Michel Bouchard (Univeristy of Northern British Columbia)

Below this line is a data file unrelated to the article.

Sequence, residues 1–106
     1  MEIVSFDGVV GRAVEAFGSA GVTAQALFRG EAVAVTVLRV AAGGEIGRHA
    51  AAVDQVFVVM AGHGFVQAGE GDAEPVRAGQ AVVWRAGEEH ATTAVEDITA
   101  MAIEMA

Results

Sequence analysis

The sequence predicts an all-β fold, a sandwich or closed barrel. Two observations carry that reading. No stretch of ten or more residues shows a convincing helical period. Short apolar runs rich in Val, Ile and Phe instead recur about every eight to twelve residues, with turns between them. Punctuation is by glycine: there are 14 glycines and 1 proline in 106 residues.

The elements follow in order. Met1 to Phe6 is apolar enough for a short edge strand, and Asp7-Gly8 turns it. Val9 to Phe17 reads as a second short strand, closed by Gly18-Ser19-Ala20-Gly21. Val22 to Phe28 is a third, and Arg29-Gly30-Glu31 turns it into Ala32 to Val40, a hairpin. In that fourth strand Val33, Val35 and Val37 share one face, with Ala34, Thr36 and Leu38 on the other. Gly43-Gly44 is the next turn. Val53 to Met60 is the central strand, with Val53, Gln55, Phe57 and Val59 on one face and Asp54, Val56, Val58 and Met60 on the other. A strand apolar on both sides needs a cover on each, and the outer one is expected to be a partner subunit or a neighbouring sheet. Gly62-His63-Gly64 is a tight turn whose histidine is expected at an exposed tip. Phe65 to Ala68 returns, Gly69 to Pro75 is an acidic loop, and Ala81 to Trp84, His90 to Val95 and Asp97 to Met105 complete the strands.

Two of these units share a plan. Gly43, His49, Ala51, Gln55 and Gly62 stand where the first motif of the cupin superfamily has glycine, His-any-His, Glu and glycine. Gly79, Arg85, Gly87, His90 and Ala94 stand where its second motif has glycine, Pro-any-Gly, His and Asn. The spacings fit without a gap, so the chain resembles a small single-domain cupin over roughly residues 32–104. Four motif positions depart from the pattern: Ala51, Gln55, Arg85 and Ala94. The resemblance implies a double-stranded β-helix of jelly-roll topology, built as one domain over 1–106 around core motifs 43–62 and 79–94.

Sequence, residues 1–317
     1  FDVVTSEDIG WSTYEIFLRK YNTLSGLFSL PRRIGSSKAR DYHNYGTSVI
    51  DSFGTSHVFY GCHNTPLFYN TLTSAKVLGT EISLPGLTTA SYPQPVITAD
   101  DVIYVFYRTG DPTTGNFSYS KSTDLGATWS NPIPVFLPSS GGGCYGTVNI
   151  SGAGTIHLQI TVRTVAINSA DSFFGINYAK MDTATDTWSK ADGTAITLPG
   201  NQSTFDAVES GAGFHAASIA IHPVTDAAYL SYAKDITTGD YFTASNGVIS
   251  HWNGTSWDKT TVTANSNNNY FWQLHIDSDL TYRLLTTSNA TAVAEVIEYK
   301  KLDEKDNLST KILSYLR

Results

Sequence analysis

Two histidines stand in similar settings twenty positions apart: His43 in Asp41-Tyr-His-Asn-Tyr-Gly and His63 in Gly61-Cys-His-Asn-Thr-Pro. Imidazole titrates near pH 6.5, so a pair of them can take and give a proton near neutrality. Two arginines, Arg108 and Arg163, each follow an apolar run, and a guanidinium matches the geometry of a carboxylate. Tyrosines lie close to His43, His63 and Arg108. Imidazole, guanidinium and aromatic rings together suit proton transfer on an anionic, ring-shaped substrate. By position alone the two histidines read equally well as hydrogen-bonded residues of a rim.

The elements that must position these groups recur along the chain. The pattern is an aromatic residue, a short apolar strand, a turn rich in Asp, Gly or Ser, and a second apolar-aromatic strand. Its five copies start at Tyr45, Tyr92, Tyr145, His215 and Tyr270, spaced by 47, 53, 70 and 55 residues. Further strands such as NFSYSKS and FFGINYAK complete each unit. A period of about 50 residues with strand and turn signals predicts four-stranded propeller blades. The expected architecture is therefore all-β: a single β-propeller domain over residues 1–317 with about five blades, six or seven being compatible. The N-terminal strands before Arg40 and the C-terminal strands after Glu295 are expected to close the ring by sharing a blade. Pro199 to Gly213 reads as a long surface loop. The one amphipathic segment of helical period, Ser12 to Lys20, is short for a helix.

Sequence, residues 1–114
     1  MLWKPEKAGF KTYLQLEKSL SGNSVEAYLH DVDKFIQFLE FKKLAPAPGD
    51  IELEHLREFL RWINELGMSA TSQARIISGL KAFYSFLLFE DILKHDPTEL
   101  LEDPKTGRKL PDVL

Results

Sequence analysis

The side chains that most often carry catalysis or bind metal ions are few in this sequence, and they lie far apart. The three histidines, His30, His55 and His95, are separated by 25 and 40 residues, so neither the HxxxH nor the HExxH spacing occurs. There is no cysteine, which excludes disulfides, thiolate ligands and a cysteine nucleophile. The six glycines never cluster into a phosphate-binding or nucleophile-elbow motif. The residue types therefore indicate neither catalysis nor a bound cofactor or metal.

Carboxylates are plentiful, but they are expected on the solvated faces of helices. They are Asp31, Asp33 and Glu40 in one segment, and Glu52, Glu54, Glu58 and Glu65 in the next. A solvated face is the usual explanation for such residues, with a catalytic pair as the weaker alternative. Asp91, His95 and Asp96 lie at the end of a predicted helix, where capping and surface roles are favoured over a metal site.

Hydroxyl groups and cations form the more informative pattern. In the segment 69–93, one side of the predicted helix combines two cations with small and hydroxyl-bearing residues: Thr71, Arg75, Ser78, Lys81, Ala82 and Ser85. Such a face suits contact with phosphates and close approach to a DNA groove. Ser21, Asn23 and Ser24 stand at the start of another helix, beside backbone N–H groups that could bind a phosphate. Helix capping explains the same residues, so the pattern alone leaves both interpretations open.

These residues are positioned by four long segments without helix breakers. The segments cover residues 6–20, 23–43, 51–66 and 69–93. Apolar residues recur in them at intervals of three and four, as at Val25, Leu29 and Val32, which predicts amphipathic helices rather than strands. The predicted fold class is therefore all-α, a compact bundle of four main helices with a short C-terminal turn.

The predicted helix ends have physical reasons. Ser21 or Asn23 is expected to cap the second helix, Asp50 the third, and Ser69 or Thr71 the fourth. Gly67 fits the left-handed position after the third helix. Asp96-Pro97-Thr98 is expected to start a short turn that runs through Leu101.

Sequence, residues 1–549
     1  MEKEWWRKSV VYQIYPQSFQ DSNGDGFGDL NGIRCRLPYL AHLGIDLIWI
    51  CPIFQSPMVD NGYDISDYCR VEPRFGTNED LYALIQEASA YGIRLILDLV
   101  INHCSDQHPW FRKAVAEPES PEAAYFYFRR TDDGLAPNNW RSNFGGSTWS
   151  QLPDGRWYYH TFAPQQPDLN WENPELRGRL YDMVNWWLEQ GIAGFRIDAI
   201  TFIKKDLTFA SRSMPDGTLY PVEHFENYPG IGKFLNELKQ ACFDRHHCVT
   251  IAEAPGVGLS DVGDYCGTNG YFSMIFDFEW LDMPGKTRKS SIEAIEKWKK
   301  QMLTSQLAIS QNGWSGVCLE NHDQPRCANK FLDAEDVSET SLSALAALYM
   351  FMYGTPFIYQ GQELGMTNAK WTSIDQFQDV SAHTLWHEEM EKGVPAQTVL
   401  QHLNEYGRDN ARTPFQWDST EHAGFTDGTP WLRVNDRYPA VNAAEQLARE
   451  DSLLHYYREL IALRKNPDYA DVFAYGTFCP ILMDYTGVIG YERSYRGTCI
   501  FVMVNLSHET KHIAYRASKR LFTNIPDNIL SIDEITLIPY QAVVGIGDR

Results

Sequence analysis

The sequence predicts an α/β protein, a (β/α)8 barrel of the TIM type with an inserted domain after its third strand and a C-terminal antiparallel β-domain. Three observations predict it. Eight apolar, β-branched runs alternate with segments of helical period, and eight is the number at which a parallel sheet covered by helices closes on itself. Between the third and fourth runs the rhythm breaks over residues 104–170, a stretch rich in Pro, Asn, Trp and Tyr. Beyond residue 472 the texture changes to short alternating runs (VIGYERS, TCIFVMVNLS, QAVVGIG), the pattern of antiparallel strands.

Published in 1901, A.C. Osborne’s account describes the movement of “voyageursof half-breeds” from the American territory of the Great Lakes to Drummond Island and then Penetanguishene following the War of 1812. This account includes not only a list of these voyageurs and “half-breeds” but the narratives of a number of individuals presented as their account of their lives. This account will be supplemented with accounts by Jesuit missionaries, government officials and other primary sources to dress a description and analysis of Penetanguishene as a historical Métis community. This account will highlight the existence of a diversity of Métis communities which are nonetheless intertwined and connected by kinship and social ties. The War of 1812 will be presented as a crucible in the emergence of a common identity, a shared destiny whereby families are relocated and form a new Métis community in Ontario.